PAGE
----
The sustainment brigade S–2 section functions primarily as a fusion cell. Understanding the routes that logistics convoys travel and the battlespace they transit is critical to facilitating the brigade commander’s decisionmaking process. Establishing dialog and credibility with maneuver S–2s, as well as with critical enablers like EOD and route clearance teams, greatly assists the sustainment brigade S–2 in compiling a more complete, better-informed assessment.

The best way to facilitate dialog is by establishing a push-pull relationship based on information sharing and trust. For example, S–2s should share the intelligence that logistics convoys provide about the far reaches of the battlespace owner’s area of operations. They should inform the route clearance S–2s about the tactics, techniques, and procedures of logistics convoys so they can better conduct assessments. The sustainment brigade S–2 section should be established as a contributor of intelligence and insight, and forums should be created for critical players to synchronize their information. The 3d Sustainment Brigade hosted or participated in several of these weekly sessions, each with a different focus. Some of the most significant were the brigade counter-IED working group, the forward operating base S–2 meeting, and the Iraqi Army G–2 meeting.

Nurturing relationships with fellow S–2s by providing as much support as possible is also an important part of being synchronized with enablers. As a component of this, the 3d Sustainment Brigade S–2 section adopted four military training teams (MiTTs) located across northern Iraq and provided them with intelligence and security support. In exchange, these MiTTs provided the S–2 with intelligence about the rural areas that logistics convoys transited almost daily.

To extend the reach of all of the units involved, the 3d Sustainment Brigade S–2 gathered detailed intelligence on out-of-sector missions from other sustainment brigade S–2 sections across Iraq and, in return, provided them with route assessments for their missions into the 3d Sustainment Brigade’s area of operations. The 3d Sustainment Brigade S–2 also provided security support to local civilian agencies. This further broadened its scope.

Another way the 3d Sustainment Brigade S–2 leveraged critical enablers was by participating in intelligence synchronization working groups with the G–2s of the 25th Infantry Division, the 1st Armored Division, and the 316th Expeditionary Sustainment Command. These weekly sessions not only gave the division G–2s and BCT S–2s a chance to present their focus areas but also provided an opportunity for the 3d Sustainment Brigade S–2 to raise concerns to the highest levels about enemy activity on supply routes, pass on logistics intelligence, and share collection management assets. Among the most beneficial results of these intelligence synchronization working groups were additional ISR support for logistics convoys, targeted battlespace operations focused on 3d Sustainment Brigade hot spots, and improved coordination between logistics and maneuver intelligence sections.

Providing Area-Specific Intelligence

Each 3d Sustainment Brigade logistics convoy covered routes with vastly different threat characteristics. Understanding the routes’ demographics, attack trends, and terrain analysis on the microlevel enabled convoys to discover more IEDs than ever before. Soldiers clearly understood where history, nature, and intelligence analysis dictated that IEDs would be emplaced on their routes. They also received the latest threat updates and information on emerging enemy tactics.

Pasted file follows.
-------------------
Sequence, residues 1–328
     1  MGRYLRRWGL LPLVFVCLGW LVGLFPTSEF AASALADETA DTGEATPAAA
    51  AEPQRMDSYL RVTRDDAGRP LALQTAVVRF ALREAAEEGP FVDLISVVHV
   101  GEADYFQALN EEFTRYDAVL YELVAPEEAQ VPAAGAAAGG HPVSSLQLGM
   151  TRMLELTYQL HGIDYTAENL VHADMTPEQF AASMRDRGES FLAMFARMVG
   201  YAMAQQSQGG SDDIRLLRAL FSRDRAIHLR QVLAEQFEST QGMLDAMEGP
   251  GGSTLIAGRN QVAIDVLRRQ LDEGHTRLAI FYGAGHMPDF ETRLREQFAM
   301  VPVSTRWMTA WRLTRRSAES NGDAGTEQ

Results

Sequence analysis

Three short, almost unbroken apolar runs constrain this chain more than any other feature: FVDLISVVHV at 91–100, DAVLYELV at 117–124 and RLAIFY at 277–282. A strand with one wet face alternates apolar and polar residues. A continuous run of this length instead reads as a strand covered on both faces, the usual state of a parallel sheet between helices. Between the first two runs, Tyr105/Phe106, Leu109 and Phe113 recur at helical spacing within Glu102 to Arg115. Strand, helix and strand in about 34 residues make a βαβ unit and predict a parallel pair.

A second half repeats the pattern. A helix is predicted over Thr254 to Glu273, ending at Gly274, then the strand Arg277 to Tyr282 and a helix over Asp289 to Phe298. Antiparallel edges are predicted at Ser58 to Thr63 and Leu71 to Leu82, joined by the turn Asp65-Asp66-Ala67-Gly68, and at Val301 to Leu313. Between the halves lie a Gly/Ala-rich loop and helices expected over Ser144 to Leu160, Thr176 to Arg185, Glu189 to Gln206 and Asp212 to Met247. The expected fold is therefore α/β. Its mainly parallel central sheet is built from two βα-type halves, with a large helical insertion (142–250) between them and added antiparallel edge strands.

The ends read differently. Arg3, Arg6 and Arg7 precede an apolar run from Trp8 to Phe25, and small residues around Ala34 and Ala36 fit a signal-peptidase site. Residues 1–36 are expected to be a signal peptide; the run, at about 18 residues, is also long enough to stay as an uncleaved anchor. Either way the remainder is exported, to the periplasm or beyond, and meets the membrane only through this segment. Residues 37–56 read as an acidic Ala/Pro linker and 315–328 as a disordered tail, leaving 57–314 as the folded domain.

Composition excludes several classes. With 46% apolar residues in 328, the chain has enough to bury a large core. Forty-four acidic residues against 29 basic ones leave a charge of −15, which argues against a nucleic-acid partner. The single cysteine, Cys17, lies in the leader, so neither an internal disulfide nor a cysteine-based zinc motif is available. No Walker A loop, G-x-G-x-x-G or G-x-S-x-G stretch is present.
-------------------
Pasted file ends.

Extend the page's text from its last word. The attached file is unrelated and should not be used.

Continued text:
The 3d Sustainment Brigade’s convoy readiness center was the locus for intelligence dissemination to convoys. Before heading out on a mission, the convoy commander would verbally walk his Soldiers down the route they were about to travel and brief the convoy on the latest intelligence prepared by the combat sustainment support battalion’s S–2. Making the convoy commander the intelligence briefer empowered him to “own” the intelligence and ensured that he was fully aware of the threat situation. The convoy readiness center intelligence brief was area-specific. Each Soldier understood that the threat could be very different 50 miles down the road. This understanding helped ensure that logistics convoys did not become unnecessarily aggressive in friendly areas but still maintained their defensive posture in high threat zones.

Engaging the Nonlethal Fight

Because the sustainment brigade’s primary mission is not to kill or capture the enemy, the S–2 must take a nontraditional approach to shaping the battlefield, such as conducting regular nonlethal targeting meetings with battlespace owners and making specific recommendations for humanitarian efforts and economic support. The targeting conducted by the sustainment brigade S–2 is based far more on attack trends and atmospherics than it is on high-value targets. Developing long-term relationships with villages in areas that formerly facilitated insurgent activity proved to be helpful not only in mitigating attacks against logistics convoys but also in underscoring the importance of the mission of 3d Sustainment Brigade Soldiers in Iraq.

Logistics convoys are intelligence-gathering assets, but they are not one of the usual tools military intelligence Soldiers learn about in the schoolhouse. Logistics intelligence requires a little bit of creative thinking, a lot of team building, and plenty of willingness to take a nontraditional approach to solving targeting and ISR-resourcing problem sets. The sustainment brigade S–2 is successful when the brigade’s Soldiers make it home and logistics convoys have been acknowledged as producers—not just consumers—of intelligence.

Captain Jennifer Hurrle is the 3d Sustainment Brigade S–2. She holds a B.A. degree in English from the University of Michigan and an M.S. degree in strategic intelligence from the American Military University. She is a graduate of the Air Defense Artillery Officer Basic Course and the Military Intelligence Captains Career Course.